A spokesperson for Twitter replied to The Times of Israel by saying these tweets “are not in violation of our policies at this time,” pointing to the company’s policy according to which “foreign policy saber-rattling on economic or military issues are generally not in violation of the Twitter Rules.”

The Islamic Republic of Iran, whose leadership routinely advocates the elimination of Israel, is considered a leading state sponsor of terror, which openly and proudly supports groups such as Hamas, Palestinian Islamic Jihad and Hezbollah, all of which seek to eradicate Israel via terrorist means. In April 2019, the US designated Iran’s own Islamic Revolutionary Guards Corps as a foreign terrorist organization.

In 2014, Khamenei posted on his twitter account a nine-point plan explicitly proposing the elimination of Israel.

A poster from Iranian Supreme Leader Ayatollah Ali Khamenei’s website calling for Israel’s destruction that uses the term “final solution,” which usually refers to the Nazi policy of genocide against Jews during the Holocaust. (via

In May of this year, Khamenei’s Facebook page featured a poster endorsing Israel’s destruction that invoked the term “final solution.” US Secretary of State Mike Pompeo and Prime Minister Benjamin Netanyahu accused him of calling for the genocide of Jews.

Khamenei in response confirmed he seeks Israel’s destruction but not the annihilation of all Jews and noted that Iran would support any nation or group that fights against Israel. “Eliminating the Zionist regime doesn’t mean eliminating Jews. We aren’t against Jews. It means abolishing the imposed regime & Muslim, Christian & Jewish Palestinians choose their own govt & expel thugs like [Prime Minister Benjamin] Netanyahu,” Khamenei wrote on his Twitter account.

(FILES) In this file photo taken on September 22, 2018 shows members of Iran’s Revolutionary Guards Corps (IRGC) marching during the annual military parade which markins the anniversary of the outbreak of the devastating 1980-1988 war with Saddam Hussein’s Iraq, in the capital Tehran. – Iran’s top security body called an urgent meeting on January 3, 2020 over the “martyrdom” of Quds Force commander Qasem Soleimani by the United States in Baghdad, semi-official news agency ISNA reported. The United States announced earlier that it had killed the commander of the Islamic republic’s Quds Force, Qasem Soleimani, in a strike on Baghdad’s international airport early on Friday. (Photo by STRINGER / AFP)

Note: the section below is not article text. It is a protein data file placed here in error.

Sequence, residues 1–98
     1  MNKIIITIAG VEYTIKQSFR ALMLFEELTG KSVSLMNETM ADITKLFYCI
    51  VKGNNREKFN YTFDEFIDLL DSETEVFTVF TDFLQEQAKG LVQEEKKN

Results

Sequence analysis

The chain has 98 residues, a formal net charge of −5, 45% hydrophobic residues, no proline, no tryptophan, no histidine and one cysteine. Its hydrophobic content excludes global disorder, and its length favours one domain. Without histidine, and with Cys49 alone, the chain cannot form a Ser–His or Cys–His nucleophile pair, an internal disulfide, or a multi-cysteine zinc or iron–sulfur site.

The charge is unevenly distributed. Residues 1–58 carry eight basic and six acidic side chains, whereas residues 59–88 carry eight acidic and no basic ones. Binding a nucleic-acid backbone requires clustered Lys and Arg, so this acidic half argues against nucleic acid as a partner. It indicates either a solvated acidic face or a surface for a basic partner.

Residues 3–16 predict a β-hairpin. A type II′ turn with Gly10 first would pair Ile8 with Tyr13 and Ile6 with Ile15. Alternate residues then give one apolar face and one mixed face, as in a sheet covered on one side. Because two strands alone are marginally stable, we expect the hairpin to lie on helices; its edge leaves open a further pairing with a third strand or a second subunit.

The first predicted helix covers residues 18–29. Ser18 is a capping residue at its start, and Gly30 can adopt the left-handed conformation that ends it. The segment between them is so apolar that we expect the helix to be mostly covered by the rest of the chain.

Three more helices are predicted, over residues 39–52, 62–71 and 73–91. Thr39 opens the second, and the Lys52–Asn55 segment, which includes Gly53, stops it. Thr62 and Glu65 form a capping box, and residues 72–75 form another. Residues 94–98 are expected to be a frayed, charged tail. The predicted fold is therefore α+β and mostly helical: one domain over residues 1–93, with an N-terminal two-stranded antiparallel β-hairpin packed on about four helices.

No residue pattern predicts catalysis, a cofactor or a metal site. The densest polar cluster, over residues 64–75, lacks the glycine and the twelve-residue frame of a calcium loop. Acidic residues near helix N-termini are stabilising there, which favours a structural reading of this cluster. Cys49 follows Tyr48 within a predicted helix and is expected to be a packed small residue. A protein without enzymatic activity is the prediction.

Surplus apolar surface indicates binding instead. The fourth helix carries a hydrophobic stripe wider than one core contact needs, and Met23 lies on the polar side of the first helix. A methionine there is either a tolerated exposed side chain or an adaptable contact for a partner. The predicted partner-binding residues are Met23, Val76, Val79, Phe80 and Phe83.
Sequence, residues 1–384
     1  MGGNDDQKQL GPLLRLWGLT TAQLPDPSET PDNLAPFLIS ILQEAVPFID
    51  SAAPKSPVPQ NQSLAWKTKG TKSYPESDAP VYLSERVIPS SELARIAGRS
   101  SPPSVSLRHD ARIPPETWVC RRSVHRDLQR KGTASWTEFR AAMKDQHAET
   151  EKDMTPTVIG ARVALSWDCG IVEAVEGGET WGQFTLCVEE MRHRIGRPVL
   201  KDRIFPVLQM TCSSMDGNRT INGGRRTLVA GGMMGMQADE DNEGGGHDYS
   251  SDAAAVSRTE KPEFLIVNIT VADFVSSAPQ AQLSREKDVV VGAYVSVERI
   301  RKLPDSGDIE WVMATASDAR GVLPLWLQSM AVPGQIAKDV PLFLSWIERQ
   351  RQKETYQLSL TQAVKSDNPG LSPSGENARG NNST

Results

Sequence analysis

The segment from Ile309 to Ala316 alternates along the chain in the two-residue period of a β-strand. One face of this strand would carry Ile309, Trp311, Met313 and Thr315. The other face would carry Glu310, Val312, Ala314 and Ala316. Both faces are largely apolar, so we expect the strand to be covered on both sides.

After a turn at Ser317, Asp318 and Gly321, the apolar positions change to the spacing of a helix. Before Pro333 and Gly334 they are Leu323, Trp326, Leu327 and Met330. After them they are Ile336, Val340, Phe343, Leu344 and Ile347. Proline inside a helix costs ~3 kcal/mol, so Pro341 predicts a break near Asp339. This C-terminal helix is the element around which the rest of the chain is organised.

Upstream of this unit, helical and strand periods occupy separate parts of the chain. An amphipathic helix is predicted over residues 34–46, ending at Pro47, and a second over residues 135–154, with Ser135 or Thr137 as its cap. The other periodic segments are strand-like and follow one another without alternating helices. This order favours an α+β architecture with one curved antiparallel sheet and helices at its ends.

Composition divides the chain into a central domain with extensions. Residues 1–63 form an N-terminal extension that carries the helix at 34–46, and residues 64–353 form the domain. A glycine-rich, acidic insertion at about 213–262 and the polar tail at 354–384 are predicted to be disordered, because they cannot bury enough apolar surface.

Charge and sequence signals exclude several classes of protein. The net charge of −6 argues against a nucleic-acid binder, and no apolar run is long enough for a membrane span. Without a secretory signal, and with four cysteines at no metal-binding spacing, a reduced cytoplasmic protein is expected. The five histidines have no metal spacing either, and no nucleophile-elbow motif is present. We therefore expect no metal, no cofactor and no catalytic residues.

At Wednesday’s Knesset debate, Cotler-Wunsh, MKs and pro-Israel advocates urged Twitter to do more to protect Israelis and Jews worldwide from anti-Semitic hate speech.

Yogev Karasenty, who is responsible for the fight against anti-Semitism at Diaspora Affairs Ministry, said some 200,000 anti-Semitic tweets were found on Twitter in the past two months.

There has recently been significant improvement in how social networks deal with the anti-Jewish material, “but it’s not enough,” lamented Yaakov Hagoel, the vice chair of the World Zionist Organization. Posts that target Muslims or the LGBT community are removed promptly, but when it comes to anti-Semitic posts, “they dodge, ignore and drag their feet,” he said.

Cotler-Wunsh, a freshman lawmaker from the Blue and White party, said that Israel does not necessarily expect Twitter to delete anti-Semitic posts but rather to attach labels to them explaining to users why they are problematic.

Blue and White MK Michal Cotler-Wunsh (Avishai Finkelstein)

“I’m not making the case for removing all content. I would suggest flagging the context as anti-Semitic. I believe there is a lot more learning that can be done this way,” she said.

She also called on Twitter to implement the working definition of anti-Semitism formulated by the International Holocaust Remembrance Alliance (IHRA), which has recently been adapted by many countries, and which considers certain forms of anti-Israel agitation to be anti-Semitic.

“We are already using the IHRA working definition when we do develop our policies and internal documents we train our content operators with. So we’re aware of it and are using it,” Twitter’s Pettersson replied.